Friday, 30 October 2009

MySQL Connector - Error with Multiple Versions on Dev Machine - "...column 'InvariantName' is constrained to be unique..."

I installed another version of the MySQL connector on my development machine yesterday, parallel to my existing version - so I now have both 5.0.6 and 5.07 installed. I use these two different versions of it for a couple of different applications I work with. Now however I find that I’m unable to open EDMX files in projects using Entity Framework. I get the following error when I double click on the designer file:



Looking at the machine.config file, I can see there are 2 entries in there for MySQL and sure enough, the invariant names are the same:



<DbProviderFactories>
...
<add name="MySQL Data Provider" invariant="MySql.Data.MySqlClient" description=".Net Framework Data Provider for MySQL" type="MySql.Data.MySqlClient.MySqlClientFactory, MySql.Data, Version=5.0.7.0, Culture=neutral, PublicKeyToken=c5687fc88969c44d" />
<add name="MySQL Data Provider" invariant="MySql.Data.MySqlClient" description=".Net Framework Data Provider for MySQL" type="MySql.Data.MySqlClient.MySqlClientFactory, MySql.Data, Version=5.0.6.0, Culture=neutral, PublicKeyToken=c5687fc88969c44d" />
...
</DbProviderFactories>



The solution - basically instead of uninstalling one of the MySQL Connectors, I just commented one of them out in the machine.config file. Now my EDMX designer works again ;-)

Thursday, 29 October 2009

The potential PROs and CONs of using ASP.NET MVC 1.0 for your next web project...

PROS:

  • Properly testable and allows you to develop more elegant code.
  • You are ‘forced’ to apply the MVC design pattern by the framework, so the only option is to have a properly defined data model + business logic layer (Model), presentation layer (View) and controller to manage their interaction.
  • You also don’t have to deal with the ASPX page lifecycle.
  • Because ASP.NET MVC is RESTful also, it can be used easily with jQuery/JSON, etc - the way the application is organised is more like a RESTful service. The ‘Views’ are like enhanced transforms, layered across the top of the service, that convert the dynamic application output into HTML (if that’s how you choose to define your View), rather than a series of concrete ‘pages’.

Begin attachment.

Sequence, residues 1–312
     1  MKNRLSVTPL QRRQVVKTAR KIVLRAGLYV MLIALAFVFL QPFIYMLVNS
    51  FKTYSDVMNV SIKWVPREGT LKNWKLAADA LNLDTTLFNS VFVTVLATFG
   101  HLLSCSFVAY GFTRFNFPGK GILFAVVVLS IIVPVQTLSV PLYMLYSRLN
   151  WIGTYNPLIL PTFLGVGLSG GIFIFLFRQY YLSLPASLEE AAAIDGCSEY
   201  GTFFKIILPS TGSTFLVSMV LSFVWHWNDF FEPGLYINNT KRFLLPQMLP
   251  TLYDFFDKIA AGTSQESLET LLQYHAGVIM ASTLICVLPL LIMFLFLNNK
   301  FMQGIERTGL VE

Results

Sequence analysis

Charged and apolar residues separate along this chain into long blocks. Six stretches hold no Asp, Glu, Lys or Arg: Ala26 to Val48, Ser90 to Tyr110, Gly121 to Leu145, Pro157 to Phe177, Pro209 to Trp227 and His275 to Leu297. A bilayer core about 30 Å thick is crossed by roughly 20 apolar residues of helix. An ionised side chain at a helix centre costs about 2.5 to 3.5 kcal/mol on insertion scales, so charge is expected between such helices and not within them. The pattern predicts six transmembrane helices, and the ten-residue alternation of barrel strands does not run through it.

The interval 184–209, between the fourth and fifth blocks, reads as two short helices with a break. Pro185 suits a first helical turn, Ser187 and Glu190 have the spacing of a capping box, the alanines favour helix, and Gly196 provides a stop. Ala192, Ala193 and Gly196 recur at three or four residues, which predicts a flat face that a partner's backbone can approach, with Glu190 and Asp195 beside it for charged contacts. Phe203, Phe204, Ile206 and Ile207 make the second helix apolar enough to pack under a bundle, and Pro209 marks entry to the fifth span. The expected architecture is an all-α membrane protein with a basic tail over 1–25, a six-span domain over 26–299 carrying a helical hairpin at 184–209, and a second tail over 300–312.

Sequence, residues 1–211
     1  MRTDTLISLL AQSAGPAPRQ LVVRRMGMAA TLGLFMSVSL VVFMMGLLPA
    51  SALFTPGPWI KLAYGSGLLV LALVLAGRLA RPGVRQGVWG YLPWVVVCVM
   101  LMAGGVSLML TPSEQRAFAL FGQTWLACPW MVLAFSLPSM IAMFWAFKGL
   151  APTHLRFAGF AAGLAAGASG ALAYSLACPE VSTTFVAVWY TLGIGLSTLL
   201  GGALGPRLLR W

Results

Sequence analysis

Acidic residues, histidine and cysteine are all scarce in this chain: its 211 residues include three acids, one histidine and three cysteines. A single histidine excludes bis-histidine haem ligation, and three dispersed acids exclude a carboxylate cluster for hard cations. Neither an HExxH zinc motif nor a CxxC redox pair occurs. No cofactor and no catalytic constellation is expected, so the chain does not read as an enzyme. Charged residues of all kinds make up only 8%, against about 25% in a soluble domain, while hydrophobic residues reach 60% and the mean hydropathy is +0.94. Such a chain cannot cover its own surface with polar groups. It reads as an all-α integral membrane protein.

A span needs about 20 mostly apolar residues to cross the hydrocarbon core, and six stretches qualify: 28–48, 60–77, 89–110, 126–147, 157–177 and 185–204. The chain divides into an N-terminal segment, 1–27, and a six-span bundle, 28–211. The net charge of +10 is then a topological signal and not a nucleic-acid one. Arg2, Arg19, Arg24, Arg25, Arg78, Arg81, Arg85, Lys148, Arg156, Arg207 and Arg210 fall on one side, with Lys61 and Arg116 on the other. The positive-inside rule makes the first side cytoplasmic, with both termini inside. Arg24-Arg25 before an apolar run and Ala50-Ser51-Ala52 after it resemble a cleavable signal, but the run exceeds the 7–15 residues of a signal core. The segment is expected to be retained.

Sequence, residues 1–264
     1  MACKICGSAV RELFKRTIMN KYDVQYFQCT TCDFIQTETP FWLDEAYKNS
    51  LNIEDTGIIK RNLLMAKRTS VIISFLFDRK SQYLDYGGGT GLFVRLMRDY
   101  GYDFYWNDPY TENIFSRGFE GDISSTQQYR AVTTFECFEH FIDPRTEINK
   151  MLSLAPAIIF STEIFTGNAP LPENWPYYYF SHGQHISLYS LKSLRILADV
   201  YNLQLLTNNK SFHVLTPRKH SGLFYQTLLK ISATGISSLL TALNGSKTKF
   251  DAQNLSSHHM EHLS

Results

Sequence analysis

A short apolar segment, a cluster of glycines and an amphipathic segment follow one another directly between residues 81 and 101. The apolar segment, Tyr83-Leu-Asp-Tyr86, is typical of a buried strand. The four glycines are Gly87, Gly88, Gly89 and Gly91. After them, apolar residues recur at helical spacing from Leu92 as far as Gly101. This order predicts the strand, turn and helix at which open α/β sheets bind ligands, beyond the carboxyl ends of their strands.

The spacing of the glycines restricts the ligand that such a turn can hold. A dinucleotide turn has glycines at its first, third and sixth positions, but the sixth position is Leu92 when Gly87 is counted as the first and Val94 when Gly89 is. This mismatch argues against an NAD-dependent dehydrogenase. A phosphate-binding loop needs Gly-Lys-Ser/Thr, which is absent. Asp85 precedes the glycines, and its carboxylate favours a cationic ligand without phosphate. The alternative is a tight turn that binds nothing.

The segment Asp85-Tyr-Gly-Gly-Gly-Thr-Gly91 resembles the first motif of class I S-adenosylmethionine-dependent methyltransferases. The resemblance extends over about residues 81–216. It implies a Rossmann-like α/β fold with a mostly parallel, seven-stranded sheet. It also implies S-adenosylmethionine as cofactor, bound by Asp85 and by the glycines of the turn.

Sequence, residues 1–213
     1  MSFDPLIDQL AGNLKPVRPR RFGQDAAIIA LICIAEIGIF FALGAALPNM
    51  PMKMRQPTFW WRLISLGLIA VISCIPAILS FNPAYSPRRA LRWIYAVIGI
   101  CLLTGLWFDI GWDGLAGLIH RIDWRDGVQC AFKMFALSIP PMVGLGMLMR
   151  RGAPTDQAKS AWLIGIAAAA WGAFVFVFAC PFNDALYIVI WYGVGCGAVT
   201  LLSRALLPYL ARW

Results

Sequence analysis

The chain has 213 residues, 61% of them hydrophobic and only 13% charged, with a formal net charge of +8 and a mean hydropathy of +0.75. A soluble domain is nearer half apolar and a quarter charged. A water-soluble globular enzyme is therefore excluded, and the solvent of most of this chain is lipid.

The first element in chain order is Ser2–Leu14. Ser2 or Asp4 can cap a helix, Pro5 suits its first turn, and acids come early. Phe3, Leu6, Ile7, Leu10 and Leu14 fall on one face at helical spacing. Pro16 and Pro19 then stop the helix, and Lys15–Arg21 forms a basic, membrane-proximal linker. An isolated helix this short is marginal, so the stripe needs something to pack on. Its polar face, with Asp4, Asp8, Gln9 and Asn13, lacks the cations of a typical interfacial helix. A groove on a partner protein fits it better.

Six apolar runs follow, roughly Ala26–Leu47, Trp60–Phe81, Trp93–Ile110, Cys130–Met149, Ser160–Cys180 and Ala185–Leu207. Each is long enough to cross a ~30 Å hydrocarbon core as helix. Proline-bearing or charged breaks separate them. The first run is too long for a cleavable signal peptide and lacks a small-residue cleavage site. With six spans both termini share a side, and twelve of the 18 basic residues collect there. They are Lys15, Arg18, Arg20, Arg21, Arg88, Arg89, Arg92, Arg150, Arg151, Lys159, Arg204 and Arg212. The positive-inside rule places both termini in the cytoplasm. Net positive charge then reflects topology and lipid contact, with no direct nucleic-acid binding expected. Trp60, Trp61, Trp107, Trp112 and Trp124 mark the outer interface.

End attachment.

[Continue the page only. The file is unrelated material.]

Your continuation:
• Because of the way the URLs are put together (i.e. you mostly don’t need to use a suffix - like .aspx - especially under IIS7), the style is better aligned for web search engine optimisation.
  • Web design is much easier - if you get a nice HTML page from a designer, it’s much easier to integrate with the application.
  • You don’t end up with crazy HTML element names, view state in the page, etc - there appears to be much less ‘behind-the-scenes’ messing around with the output HTML by the ASP.NET process than there is with WebForms.

CONS:

  • It’s a different way of thinking than WebForms, from a Microsoft web-dev perspective - almost completely. So there’s a learning curve. When you get used to it however, it does seem more ‘natural’ approach than WebForms.
  • It’s new, so although MVC version 1.0 is integrated into .NET 3.5 SP1 (although I understand MVC 2.0 is now available - with VS2010 Beta...?); you need to know a few special tricks to get things up and running in production. You need to download some ‘futures’ resources from CodePlex, etc.
  • There are not that many people out there using it yet, so there’s less support and material out there, if you need help.

SQL Server - database mail - just “because you can”, doesn’t make it right!!

Was thinking the other day (discussing across the office with a couple of colleagues actually ;-) about using database mail out of SQL Server in relation to using .NET components to send mail – kind of a hot topic for us, or at least one that's heating up.

 

My opinion on this type of thing (thankfully shared by our DBA) is that despite the fact that SQL Server provides a very adequate email platform, and there are lots of MSDN type examples out there showing you how do this type of thing, sending bulk email from the database server (for – e.g. – an email marketing campaign type stuff) is bad form.

 

For one thing you're putting unnecessary load on the server and slowing down applications that are using the server for doing what it's designed to do (manage and serve up relational data), and for another thing – there is simply much better support for doing this type of thing outside of the database, in application code.